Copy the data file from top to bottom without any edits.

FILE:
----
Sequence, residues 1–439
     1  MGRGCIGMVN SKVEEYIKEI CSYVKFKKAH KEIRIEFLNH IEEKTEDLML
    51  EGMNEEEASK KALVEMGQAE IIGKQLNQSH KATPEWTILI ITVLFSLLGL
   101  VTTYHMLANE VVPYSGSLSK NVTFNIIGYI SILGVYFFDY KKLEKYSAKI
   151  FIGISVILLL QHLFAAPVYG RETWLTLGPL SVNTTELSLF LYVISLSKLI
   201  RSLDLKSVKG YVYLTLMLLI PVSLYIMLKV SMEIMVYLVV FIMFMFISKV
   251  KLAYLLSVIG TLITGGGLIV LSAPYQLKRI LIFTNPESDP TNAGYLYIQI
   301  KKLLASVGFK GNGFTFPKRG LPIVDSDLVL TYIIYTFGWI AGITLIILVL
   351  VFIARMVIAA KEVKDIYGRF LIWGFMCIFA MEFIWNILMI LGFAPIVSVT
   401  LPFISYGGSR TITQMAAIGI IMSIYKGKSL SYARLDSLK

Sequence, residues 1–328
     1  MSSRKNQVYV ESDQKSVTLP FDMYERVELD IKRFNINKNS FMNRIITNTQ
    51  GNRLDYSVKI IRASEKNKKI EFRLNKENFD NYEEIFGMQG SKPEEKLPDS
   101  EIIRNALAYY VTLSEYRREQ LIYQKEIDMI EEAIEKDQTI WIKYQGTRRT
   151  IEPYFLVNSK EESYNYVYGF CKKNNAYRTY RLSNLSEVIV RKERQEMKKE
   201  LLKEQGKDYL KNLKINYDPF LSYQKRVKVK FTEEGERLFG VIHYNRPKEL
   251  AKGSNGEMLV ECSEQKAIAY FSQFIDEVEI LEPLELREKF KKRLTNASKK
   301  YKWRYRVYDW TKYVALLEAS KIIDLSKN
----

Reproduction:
Sequence, residues 1–439
     1  MGRGCIGMVN SKVEEYIKEI CSYVKFKKAH KEIRIEFLNH IEEKTEDLML
    51  EGMNEEEASK KALVEMGQAE IIGKQLNQSH KATPEWTILI ITVLFSLLGL
   101  VTTYHMLANE VVPYSGSLSK NVTFNIIGYI SILGVYFFDY KKLEKYSAKI
   151  FIGISVILLL QHLFAAPVYG RETWLTLGPL SVNTTELSLF LYVISLSKLI
   201  RSLDLKSVKG YVYLTLMLLI PVSLYIMLKV SMEIMVYLVV FIMFMFISKV
   251  KLAYLLSVIG TLITGGGLIV LSAPYQLKRI LIFTNPESDP TNAGYLYIQI
   301  KKLLASVGFK GNGFTFPKRG LPIVDSDLVL TYIIYTFGWI AGITLIILVL
   351  VFIARMVIAA KEVKDIYGRF LIWGFMCIFA MEFIWNILMI LGFAPIVSVT
   401  LPFISYGGSR TITQMAAIGI IMSIYKGKSL SYARLDSLK

Sequence, residues 1–328
     1  MSSRKNQVYV ESDQKSVTLP FDMYERVELD IKRFNINKNS FMNRIITNTQ
    51  GNRLDYSVKI IRASEKNKKI EFRLNKENFD NYEEIFGMQG SKPEEKLPDS
   101  EIIRNALAYY VTLSEYRREQ LIYQKEIDMI EEAIEKDQTI WIKYQGTRRT
   151  IEPYFLVNSK EESYNYVYGF CKKNNAYRTY RLSNLSEVIV RKERQEMKKE
   201  LLKEQGKDYL KNLKINYDPF LSYQKRVKVK FTEEGERLFG VIHYNRPKEL
   251  AKGSNGEMLV ECSEQKAIAY FSQFIDEVEI LEPLELREKF KKRLTNASKK
   301  YKWRYRVYDW TKYVALLEAS KIIDLSKN